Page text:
Food centres run by U of T’s three undergraduate student unions have seen increased demand for their services this academic year from students. This has encouraged student unions on all three campuses to extend their food centre operating hours, hire more staff members, and increase orders from suppliers.
According to the “Who’s Hungry Report 2022” by Daily Bread Food Bank and North York Harvest, food banks across Toronto saw a record of 1.68 million visits from April 2021 to March 2022, representing a 16 per cent increase from the previous year’s 1.45 million visits.
SCSU Food Centre
One of Daily Bread’s 126 member agencies is the Scarborough Campus Students’ Union (SCSU) Food Centre. “The demand for the Food Centre has increased paramountly since the summer,” said Carlos Arturo Paez Gonzalez — one of the centre’s coordinators — in an interview with The Varsity. According to the “Who’s Hungry Report 2022,” Scarborough saw a 29 per cent increase in food bank use from April 2021 to March 2022, the highest percentage increase out of all the districts in Toronto.
Gonzalez said that the SCSU Food Centre sees 200 visits a week. To meet this increased demand, the SCSU has almost tripled its orders from Daily Bread since the summer, increased its weekly grocery pickups to two times a week — on Mondays and Fridays — and, in January, hired two more Food Centre coordinators. Riddhi Danani — one of the Food Centre coordinators — told The Varsity that around 80 to 100 volunteers assist the centre weekly. The Food Centre also hosts cooking workshops throughout the year.
Gonzalez said that the Food Centre can be “such a life-changer” for people facing difficult circumstances. Last year, he depended on the centre for food after his family’s main financial provider passed away. “The Food Centre was the reason that I was fed every day,” he said.
The SCSU Food Centre is located in SL 210-B at the Student Centre and is open from 1:00–5:00 pm on grocery pickup dates. Each user may only sign up for one pickup a week.
Danani said that slots for grocery pickups fill up quickly. She suggested that people sign up for early timeslots, noting that “you get the best items in the first two hours.”
SCSU Vice-President Operations Mathooshan Manoharan encourages students to volunteer with the centre, and in an interview with The Varsity, said that the centre accepts financial and food-related donations.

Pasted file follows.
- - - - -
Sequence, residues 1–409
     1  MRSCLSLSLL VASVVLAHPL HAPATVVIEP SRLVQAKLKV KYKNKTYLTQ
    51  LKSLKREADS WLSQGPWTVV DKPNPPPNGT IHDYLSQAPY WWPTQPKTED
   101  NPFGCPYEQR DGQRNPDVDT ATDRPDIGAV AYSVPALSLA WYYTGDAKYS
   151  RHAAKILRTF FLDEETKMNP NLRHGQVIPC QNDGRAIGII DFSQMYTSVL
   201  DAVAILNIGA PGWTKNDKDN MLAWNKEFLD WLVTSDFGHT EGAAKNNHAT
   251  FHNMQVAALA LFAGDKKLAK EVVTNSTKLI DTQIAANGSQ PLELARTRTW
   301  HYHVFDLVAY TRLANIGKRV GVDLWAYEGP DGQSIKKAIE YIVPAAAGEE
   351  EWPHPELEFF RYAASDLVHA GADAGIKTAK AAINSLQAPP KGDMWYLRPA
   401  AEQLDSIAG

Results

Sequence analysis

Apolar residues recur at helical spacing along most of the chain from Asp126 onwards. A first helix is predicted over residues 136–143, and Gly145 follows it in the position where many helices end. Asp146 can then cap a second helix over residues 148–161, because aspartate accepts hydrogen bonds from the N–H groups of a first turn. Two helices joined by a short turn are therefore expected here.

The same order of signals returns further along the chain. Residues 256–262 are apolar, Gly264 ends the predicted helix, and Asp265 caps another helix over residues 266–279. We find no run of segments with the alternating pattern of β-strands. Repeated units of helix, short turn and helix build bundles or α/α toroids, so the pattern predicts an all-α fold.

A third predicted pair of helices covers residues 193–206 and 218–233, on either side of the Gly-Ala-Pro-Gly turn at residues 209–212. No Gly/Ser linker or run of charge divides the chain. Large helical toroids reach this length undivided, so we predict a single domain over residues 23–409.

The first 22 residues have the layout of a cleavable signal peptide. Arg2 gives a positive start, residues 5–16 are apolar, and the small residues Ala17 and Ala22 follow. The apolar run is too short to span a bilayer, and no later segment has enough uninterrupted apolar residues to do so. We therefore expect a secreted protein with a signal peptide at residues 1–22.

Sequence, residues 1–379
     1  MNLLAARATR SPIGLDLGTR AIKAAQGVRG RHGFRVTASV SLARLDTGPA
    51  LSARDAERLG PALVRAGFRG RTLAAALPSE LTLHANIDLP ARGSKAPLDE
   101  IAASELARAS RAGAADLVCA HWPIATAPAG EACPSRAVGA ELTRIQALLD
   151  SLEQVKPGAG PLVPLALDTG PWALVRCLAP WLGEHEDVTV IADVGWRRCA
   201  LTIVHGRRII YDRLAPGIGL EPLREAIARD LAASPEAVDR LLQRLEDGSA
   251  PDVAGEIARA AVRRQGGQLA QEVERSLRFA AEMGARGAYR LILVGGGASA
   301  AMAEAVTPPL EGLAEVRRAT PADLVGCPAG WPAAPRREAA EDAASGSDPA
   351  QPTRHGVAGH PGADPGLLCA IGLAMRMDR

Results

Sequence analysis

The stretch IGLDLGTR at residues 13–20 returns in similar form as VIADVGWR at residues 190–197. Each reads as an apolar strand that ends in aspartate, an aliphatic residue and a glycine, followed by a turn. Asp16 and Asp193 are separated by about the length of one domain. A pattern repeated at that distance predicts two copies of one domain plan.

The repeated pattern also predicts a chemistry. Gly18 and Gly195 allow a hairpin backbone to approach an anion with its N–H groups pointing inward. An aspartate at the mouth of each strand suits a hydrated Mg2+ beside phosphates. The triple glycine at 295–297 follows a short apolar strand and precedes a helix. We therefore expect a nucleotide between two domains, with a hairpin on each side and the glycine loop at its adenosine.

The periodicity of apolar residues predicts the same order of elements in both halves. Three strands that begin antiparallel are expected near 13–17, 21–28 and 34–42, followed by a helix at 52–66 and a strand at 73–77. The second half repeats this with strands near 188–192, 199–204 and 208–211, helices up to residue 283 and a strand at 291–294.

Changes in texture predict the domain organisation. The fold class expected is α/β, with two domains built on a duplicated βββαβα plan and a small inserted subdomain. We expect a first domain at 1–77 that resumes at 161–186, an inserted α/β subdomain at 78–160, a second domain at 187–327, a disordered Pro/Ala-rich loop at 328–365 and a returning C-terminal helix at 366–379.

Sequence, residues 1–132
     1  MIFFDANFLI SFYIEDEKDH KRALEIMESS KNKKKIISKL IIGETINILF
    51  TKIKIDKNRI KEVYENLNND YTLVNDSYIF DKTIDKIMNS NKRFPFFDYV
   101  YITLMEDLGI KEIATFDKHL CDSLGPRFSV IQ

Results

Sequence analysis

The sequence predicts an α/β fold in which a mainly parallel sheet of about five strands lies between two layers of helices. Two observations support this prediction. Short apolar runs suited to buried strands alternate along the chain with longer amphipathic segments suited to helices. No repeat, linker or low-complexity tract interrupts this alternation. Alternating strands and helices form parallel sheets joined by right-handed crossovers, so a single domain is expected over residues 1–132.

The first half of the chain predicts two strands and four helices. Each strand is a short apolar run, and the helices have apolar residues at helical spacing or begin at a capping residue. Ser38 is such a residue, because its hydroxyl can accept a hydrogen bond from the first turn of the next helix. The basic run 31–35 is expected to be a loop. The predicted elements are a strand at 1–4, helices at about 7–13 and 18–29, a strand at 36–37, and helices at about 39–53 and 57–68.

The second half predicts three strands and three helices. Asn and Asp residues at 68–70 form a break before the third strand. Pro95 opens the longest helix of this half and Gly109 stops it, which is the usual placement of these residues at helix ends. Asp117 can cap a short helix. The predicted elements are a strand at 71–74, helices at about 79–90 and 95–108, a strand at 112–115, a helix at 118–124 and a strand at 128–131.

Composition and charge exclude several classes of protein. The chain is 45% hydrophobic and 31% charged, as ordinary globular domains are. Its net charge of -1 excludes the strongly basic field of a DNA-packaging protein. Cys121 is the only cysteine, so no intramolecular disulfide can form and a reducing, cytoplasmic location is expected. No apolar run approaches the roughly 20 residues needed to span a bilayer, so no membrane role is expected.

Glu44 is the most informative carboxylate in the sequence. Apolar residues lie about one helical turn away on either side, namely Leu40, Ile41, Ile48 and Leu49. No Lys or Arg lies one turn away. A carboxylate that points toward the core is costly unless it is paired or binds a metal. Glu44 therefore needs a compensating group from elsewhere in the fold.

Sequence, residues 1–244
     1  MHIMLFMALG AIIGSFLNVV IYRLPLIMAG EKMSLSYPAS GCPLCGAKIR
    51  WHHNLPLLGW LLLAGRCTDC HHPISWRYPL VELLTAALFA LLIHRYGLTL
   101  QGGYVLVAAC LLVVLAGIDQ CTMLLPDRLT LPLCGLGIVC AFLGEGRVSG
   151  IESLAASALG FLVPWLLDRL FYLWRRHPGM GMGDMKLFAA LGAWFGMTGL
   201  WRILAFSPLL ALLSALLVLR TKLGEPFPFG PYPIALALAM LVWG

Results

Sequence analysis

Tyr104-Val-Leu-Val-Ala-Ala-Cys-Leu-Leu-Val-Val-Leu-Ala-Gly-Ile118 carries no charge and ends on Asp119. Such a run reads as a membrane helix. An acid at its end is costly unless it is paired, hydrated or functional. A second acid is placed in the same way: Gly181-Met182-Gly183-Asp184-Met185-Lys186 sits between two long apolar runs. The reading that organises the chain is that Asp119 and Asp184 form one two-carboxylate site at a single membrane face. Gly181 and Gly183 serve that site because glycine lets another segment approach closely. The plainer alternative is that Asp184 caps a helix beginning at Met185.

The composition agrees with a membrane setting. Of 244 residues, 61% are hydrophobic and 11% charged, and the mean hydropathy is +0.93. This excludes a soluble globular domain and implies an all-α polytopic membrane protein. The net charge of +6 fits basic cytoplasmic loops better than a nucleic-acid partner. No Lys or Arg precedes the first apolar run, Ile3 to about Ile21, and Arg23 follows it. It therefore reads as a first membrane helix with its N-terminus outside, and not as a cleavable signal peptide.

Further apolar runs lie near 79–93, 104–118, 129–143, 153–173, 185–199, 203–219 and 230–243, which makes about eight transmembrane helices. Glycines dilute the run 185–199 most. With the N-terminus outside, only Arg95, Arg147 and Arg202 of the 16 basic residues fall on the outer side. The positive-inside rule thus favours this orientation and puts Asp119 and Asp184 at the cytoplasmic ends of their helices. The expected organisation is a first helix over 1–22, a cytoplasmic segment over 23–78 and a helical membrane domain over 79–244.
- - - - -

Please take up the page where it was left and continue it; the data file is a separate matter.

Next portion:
UTMSU Food Centre
In an interview with The Varsity, University of Toronto Mississauga Students’ Union (UTMSU) Vice-President Equity Reagan Roopnarine noted that the UTMSU Food Centre has seen a 600 per cent increase in visits compared to before the COVID-19 pandemic.
Roopnarine said that when she joined the equity team years ago, only around 12 people visited the centre every week. “Last week, we had 160 orders,” said Roopnarine.
Jazmmeyn Barnett — a second-year biology student and regular patron of the UTMSU Food Centre — highlighted that the centre supports students’ mental and financial stability. “Dealing with school is hard enough, and then also being hungry… it affects my studying… it’s really stressful,” she told The Varsity. Now, she uses the centre to get food items, especially when her finances are “running tight.”
Even though the centre caters to those who face food insecurity, Roopnarine emphasized that the UTMSU does not ask users for proof or documentation. “We trust your word,” she said. Students who wish to get groceries from the UTMSU Food Centre must fill in a pick-up form by Sunday each week.
UTSU Food Bank
As of November 2022, 140 students had registered with the University of Toronto Students’ Union (UTSU) Food Bank, a 100 per cent increase compared to 2021. The UTSU offers food bank services in room 136 in the Student Commons building every Friday from 11:00 am to 3:00 pm. To access its services, students must register for slots, which are made available every Wednesday between 9:00–10:00 am.
The UTSU also launched a food rescue program on March 6, which aims to provide prepared frozen food to U of T students in need. It runs on a first-come-first-serve basis every Monday and Tuesday from 12:00–1:30 pm at the food bank.
Increased food bank use across Toronto
The 2022 “Who’s Hungry” report determined that increased rates of precarious employment, fewer social assistance programs, lack of affordable housing, and increased cost of living increased food insecurity and food bank use.
Inflation rates for food remain high in Canada. While Canada’s overall annual inflation rate sat at 5.2 per cent in February, the price of grocery food increased 10.6 per cent from last year, according to a Statistics Canada report.
The UTSU did not respond to The Varsity’s request for comment.